Capitalism doesn’t cause a propensity for wanton accumulation. It’s the propensity toward wanton accumulation that causes capitalism.
Of course in a world of limited resources extreme (not “unlimited” as you wrote) accumulation cannot be justified. But the inability to justify it has nothing to do with capitalism.
As far as the moral confusion inherent in the notion of “accumulators as benefactors”…again, capitalism has nothing to do with this. Out of expedience, an accumulator, ie “The One with all the gold” has ALWAYS been hopefully and obsequiously viewed as a benefactor. If this naive view proved to be unfounded then the one with all the gold was simply reviled as a despot.
I wholly agree that few things are as nauseating as one of these pre-bailout Master of the Universe types implying that his greed is good and moral…but assigning an anti-morality to capitalism is just as misguided.
I would argue that GM’s underfunding alone already exceeds 100 bn $ (pension + healthcare benefits), if more conservative discount-rates are used. The ones they apply for the official calculation are way too high.
With all due respect, Yves, it looks to my financially uneducated eyes like Mr. Millard was simply following the Bush admin policy of dumping as much public money as possible into the stock market at the end of a bubble cycle to keep the prices up, leaving the suckers to pick up the tab. This was the plan with social security, as I’m sure you remember.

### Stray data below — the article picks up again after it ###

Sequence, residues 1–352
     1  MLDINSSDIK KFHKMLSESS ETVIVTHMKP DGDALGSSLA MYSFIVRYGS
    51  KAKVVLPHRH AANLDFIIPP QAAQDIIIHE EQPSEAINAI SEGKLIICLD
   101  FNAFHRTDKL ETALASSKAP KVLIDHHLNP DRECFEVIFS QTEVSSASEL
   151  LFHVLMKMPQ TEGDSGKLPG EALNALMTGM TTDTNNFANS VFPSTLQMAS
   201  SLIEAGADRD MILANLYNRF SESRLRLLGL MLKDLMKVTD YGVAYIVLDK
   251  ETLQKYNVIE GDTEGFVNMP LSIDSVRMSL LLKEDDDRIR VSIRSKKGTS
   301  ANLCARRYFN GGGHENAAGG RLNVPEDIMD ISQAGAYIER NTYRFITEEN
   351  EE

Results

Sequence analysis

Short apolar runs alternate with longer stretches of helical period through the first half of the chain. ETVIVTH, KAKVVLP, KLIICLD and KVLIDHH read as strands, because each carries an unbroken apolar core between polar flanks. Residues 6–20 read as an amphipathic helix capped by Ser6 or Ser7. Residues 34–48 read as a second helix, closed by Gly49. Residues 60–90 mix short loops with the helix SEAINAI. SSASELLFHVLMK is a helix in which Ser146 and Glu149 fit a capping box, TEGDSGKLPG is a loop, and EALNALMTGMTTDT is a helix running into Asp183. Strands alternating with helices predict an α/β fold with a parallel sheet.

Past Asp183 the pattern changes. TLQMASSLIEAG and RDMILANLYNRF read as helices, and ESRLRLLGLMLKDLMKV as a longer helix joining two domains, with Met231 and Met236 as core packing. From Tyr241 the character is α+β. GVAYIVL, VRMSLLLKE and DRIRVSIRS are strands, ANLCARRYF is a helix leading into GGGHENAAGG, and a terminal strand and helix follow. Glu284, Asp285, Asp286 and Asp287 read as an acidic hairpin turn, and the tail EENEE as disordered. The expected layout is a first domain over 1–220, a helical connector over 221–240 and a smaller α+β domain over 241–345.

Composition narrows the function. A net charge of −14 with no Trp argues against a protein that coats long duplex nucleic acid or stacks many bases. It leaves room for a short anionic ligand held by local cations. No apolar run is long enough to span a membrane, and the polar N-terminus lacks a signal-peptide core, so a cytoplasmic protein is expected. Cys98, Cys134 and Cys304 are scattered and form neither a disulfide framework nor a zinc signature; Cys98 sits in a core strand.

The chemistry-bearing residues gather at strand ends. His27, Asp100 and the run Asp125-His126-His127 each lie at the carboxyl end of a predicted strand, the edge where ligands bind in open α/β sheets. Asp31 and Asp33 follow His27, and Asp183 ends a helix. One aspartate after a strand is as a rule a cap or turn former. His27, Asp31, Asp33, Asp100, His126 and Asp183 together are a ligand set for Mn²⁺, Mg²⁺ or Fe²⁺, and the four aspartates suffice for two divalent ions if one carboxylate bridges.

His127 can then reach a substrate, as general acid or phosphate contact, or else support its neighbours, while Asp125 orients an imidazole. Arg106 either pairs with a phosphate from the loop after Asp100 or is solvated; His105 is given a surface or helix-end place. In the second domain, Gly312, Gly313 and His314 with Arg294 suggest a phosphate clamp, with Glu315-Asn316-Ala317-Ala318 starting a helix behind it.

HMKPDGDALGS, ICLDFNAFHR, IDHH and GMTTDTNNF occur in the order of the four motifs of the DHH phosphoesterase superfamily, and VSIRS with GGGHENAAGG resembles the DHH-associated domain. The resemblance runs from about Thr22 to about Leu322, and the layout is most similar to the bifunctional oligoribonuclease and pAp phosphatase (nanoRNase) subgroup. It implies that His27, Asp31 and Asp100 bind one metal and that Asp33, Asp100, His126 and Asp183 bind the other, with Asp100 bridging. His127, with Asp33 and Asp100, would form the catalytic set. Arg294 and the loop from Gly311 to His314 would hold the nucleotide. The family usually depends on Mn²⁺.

I greatly enjoy reading your posts but sometimes your financial aspbergers gets in the way of what is essential a very simple situation to understand.
Bear with me for a moment as I seem to digress, but I have a solution to GM/Chrysler/Ford pension & healthcare commitments that would be doable in a sane society – which we are not, unfortunately.
I was watching that documentary, whatever-the-name, about how GM destroyed mass transit and how all the automakers built the all-powerful highway lobby. Watching it makes you sick to your stomach, esp. if you have childhood memories of saintly, Church pillar women (aunts, etc.) that once and only once swore in front of the kids – when their trolleys were taken away and replaced by "that goddamed bus".